Friday, 10 February 2012

OSPF lab - with Check Point and Vyatta

Just for fun, I thought it would be useful to build a simple OSPF lab in VMware with the help of Vyatta's open-source router software. On top of this, I've added in three Check Point R75.20 gateways to also run seperate OSPF instances over VPN VTIs to check out route-based VPN (because for all these years of working with Check Point I've been far too lazy to stray far from the simple domain based VPN setup).

So - the ingredients for this lab are...

  • VMware ESXi 4.1 (not essential - you can probably get it working in any other flavour hypervisor, maybe even VirtualBox if you like pain and suffering).
  • 3 Desktop Clients (Windows XP - any OS will be fine but you will need a Windows machine to be able to use Smart Dashboard for firewall policy).
  • 3 Virtual Router VMs (Linux/Other 32bit, 512MB RAM, 4GB HDD, 3 virtual NICS)
  • 3 Firewall VMs (Linux / Redhat5 32bit, 2 CPUs if possible, 512MB RAM, 10GB HDD, 2 virtual NICs).
  • 9 Virtual Networks named Net_CoreX (1-3), Net_EdgeX(1-3), Net_IntX(1-3). These should be attached to the VMs as per the topology below.

Suggested lab topology

1. The first thing to set up is the Vyatta virtual routers in your hypervisor. You will need to attach the virtual networks to your VM according to the diagram. Usually, the ordering of the virtual NICs in VMware matches up nicely with the guest OS. So NIC 1,2 and 3 will present in the OS as eth0, eth1, eth2. This helps when you need to match up the networks to the virtual NICs.

2. Next, you should configure the Vyatta software on each router. This is a lot easier than the documentation might have you believe. Don't misread this as the Vyatta docs being bad - instead read as the software is so easy to use with the Tab and '?' combo you don't really need to refer to the docs. 
Give each Vyatta VM a name to match the topology diagram - something cunning like 'VRx' depending on which router it is. Then, configure the NICs according to the network they are on.
If you're too lazy to tab your way through the config - try this for configuring interfaces on VR1 as an example...


set interface ethernet eth0 address

set interface ethernet eth1 address

set interface ethernet eth2 address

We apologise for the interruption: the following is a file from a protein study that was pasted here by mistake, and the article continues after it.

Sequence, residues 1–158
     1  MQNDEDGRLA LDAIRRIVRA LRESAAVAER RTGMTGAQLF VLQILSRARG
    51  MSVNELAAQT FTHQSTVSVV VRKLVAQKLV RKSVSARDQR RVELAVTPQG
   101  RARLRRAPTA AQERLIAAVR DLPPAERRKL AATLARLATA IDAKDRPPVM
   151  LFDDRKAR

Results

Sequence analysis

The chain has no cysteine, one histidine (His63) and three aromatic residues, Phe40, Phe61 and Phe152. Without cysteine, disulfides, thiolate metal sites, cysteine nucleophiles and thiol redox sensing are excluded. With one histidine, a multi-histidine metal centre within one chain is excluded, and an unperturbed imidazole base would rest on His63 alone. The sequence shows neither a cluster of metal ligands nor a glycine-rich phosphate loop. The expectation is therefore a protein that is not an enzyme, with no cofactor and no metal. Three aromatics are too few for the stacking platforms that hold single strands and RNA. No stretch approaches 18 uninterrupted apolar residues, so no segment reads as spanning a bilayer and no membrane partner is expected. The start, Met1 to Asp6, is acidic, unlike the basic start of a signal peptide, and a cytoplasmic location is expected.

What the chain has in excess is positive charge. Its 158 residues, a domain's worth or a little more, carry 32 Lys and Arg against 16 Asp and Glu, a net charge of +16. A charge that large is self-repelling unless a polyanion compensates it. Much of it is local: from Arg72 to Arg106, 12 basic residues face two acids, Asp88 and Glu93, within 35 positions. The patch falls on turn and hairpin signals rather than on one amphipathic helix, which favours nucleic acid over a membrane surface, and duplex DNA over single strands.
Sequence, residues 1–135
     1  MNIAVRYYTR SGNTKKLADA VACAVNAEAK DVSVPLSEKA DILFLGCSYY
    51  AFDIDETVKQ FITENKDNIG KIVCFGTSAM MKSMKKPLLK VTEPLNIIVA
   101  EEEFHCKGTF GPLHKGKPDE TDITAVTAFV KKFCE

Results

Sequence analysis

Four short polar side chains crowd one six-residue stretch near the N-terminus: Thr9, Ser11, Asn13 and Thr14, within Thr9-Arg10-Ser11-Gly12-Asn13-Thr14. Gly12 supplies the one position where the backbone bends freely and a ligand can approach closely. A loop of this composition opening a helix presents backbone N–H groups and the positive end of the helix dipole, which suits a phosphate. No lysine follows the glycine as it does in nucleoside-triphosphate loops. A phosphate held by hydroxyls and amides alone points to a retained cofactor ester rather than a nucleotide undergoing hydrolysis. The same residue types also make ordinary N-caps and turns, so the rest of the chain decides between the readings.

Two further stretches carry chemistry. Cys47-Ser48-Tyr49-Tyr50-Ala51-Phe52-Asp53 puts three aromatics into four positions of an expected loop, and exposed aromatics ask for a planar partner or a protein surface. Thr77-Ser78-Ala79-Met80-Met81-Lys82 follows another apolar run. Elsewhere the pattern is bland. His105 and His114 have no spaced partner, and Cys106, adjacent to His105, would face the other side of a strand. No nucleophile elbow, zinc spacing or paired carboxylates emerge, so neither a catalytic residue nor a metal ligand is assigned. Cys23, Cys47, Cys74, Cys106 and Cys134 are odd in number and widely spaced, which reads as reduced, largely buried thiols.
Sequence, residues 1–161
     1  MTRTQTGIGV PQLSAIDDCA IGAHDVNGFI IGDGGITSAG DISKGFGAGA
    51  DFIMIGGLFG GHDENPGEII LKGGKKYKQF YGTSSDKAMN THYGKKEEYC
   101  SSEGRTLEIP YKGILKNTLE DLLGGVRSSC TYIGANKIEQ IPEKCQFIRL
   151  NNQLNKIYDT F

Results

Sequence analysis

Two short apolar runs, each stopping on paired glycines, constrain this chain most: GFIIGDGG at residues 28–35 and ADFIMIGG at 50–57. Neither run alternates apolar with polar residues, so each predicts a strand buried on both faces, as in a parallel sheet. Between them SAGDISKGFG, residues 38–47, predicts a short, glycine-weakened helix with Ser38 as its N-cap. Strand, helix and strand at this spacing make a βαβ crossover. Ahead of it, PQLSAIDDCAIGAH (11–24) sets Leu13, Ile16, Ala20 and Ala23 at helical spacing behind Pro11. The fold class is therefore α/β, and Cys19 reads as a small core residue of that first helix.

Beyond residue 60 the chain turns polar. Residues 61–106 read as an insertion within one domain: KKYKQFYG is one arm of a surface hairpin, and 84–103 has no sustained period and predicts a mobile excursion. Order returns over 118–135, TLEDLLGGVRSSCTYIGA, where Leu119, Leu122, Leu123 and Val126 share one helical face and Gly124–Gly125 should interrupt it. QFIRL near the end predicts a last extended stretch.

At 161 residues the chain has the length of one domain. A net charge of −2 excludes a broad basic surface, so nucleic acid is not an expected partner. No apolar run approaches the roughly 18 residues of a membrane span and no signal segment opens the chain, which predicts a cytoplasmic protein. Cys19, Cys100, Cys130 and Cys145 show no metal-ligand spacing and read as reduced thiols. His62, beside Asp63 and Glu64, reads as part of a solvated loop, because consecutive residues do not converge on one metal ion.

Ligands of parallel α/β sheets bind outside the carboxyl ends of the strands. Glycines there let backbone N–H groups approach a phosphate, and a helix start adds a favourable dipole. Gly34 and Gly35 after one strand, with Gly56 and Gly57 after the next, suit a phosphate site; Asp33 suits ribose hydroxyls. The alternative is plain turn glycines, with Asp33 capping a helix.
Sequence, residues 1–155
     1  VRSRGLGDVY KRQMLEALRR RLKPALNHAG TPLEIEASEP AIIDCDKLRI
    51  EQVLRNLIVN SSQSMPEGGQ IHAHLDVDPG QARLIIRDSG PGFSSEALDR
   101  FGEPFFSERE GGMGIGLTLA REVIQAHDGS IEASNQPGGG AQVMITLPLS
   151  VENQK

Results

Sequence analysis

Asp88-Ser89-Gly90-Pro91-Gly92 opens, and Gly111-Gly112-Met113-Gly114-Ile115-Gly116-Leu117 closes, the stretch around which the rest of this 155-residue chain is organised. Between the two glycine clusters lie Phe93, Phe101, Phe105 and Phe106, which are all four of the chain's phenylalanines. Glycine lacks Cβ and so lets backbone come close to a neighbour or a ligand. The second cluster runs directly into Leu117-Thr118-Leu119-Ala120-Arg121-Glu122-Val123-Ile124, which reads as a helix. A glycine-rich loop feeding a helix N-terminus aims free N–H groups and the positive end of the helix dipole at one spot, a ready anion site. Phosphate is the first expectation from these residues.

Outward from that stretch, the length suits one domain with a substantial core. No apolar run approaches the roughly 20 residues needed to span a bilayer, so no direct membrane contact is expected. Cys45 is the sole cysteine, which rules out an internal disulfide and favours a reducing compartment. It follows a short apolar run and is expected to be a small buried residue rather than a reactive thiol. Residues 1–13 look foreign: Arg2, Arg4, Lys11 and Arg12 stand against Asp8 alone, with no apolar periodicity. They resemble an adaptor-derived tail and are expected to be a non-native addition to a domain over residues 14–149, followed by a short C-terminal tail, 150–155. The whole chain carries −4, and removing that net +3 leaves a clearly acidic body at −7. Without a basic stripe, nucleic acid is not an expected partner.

3. Once you have your IPs configured, test your connectivity between the external NICs of the routers. Once happy, you can either test the connectivity fully by adding static routes to each for the 'Edge' networks - or just dive straight in and setup OSPF which, with hindsight, is actually a bit easier than faffing with static routes. I won't delve into the depths of OSPF because I'll probably get it wrong - so some nice links to Wikipedia and Cisco are at the end of the post. Essentially though, you will break your network up into areas. Area is reserved for the backbone area (note: although it's in dotted quad format - it certainly isn't an IP address you're using). Whether it's correct or not, I've setup some extra areas here to break things down further. So, there is a backbone area and edge areas of, and
I've added the OSPF config for VR1 below - you can figure out the config for the other routes yourself (you did want to learn something, right?).

protocols {
    ospf {
        area {
        area {
        redistribute {
            connected {

4. Repeat this on the other VRs but replace the networks above with the relevant directly connected networks. Once it's setup - you should be able to verify that OSPF is sending and receiving OSPF LSA's with

show ip route

(if that shows up as an invalid command, you're probably within configure mode, just add 'run' to the start to break out temporarily). Now you should be able to ping other routers edge network addresses.